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March 18, 2015 7:53 am

A UN Vote is Irrelevant to the Iran Deal

avatar by John Bolton


The Iranian nuclear program's heavy-water reactor at Arak. Photo: Wikimedia Commons.

Press reports that President Obama will enlist the U.N. Security Council to bless his imminent nuclear agreement with Iran have unleashed considerable controversy. Many worry council action would bind the U.S. to the deal, circumventing congressional scrutiny. Moreover, Iran may see U.N. action as protecting it from a subsequent change in U.S. policy.

There is no need for worry. The Security Council can do nothing to limit America’s freedom to break from this agreement or take whatever action it deems necessary to protect itself.

First, even the U.N. will require Iran to comply with any commitments made to the Security Council’s five permanent members and Germany. Bureaucracy-loving diplomats and Secretariat personnel will probably create a council committee to monitor Iran’s performance, but neither the U.S. nor any other U.N. member must accept the committee’s judgment that Iran is in compliance when it has contrary information. Washington can act on what it knows, whether or not it discloses the extent of its knowledge.

Given Iran’s dismal performance in living up to the Nuclear Nonproliferation Treaty and existing resolutions requiring that it cease all uranium-enrichment-related activity, Tehran will almost certainly begin violating the deal before the ink is dry. Security Council committees will be bystanders, and the U.S., Israel and others threatened by a nuclear-capable Iran will rely on their own intelligence to detect Iranian cheating.

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The gravest danger during Mr. Obama’s remaining two years is that the White House and State Department will ignore, play down or suppress information that Iran is breaking the deal. Ignoring palpable treaty violations is built into the DNA of many arms-control theologians, and this administration will insist that the bureaucracy follows the party line that Iran is complying. Congressional committees (intelligence, armed services, and foreign affairs) will have a critical role in overseeing White House efforts to minimize dangerous Iranian behavior.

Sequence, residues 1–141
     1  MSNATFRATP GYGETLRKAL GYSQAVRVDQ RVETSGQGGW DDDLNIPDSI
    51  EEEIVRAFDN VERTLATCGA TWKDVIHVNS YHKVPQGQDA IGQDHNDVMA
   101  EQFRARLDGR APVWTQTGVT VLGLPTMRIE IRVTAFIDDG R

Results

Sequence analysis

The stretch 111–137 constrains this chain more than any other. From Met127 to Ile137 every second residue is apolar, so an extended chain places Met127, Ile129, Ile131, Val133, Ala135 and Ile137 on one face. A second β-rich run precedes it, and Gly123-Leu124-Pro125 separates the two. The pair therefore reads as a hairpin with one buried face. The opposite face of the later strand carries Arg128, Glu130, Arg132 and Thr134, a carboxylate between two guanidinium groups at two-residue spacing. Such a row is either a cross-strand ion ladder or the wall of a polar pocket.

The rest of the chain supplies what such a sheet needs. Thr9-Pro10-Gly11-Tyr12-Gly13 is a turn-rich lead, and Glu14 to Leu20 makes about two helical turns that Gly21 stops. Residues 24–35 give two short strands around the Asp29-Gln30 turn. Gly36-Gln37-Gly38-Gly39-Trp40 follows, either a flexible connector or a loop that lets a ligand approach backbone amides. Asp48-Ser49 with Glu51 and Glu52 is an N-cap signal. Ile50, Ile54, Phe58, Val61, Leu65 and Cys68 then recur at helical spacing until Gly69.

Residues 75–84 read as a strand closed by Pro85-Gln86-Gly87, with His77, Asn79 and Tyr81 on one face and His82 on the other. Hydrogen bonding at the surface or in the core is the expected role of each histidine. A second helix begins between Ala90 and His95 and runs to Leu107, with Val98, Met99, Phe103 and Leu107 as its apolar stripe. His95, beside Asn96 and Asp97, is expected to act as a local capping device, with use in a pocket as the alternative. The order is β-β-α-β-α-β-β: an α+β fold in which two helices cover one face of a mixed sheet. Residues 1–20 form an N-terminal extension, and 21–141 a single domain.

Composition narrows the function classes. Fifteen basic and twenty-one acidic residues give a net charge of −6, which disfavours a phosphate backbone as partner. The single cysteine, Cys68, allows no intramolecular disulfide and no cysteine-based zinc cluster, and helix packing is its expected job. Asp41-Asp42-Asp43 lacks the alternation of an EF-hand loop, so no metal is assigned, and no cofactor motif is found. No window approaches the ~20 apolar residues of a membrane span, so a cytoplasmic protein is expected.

Second, no Security Council action can prevent the U.S. from using force to protect itself from Iranian nuclear weapons. Article 51 of the U.N. Charter affirms “the inherent right of individual and collective self-defense,” which means that decisions relating to self-defense rest with each member state.

Third, as a purely practical matter, the Security Council cannot restrain or sanction the U.S. as long as Washington’s U.N. ambassador shows up for work. America’s veto power is guaranteed by Article 27.

Suppose the new U.S. president in 2017 decided to use military force to break Iran’s control over the nuclear-fuel cycle at one or more points. The U.S. could veto any draft resolutions designed to forestall an attack or halt one in progress, or impose sanctions afterward.

The General Assembly, the Human Rights Council and other U.N. bodies would doubtless be summoned by Iran and its allies to pass resolutions critical of U.S. or Israeli behavior. Let them. There are few better scenarios imaginable for provoking a far-reaching debate about the U.S. role in the U.N. One could start with the most basic issue: eliminating all funding through “assessed” (meaning essentially mandatory) contributions, and moving all U.N. agencies to voluntary funding.

Little or no good will come of Mr. Obama’s plan to have the Security Council bless his Iran deal. But it is far better to expose the deal’s manifold deficiencies than to pay much mind to any charades at Turtle Bay.

Mr. Bolton, a senior fellow at the American Enterprise Institute, is a former U.S. ambassador to the U.N. This article was originally published by The Wall Street Journal.

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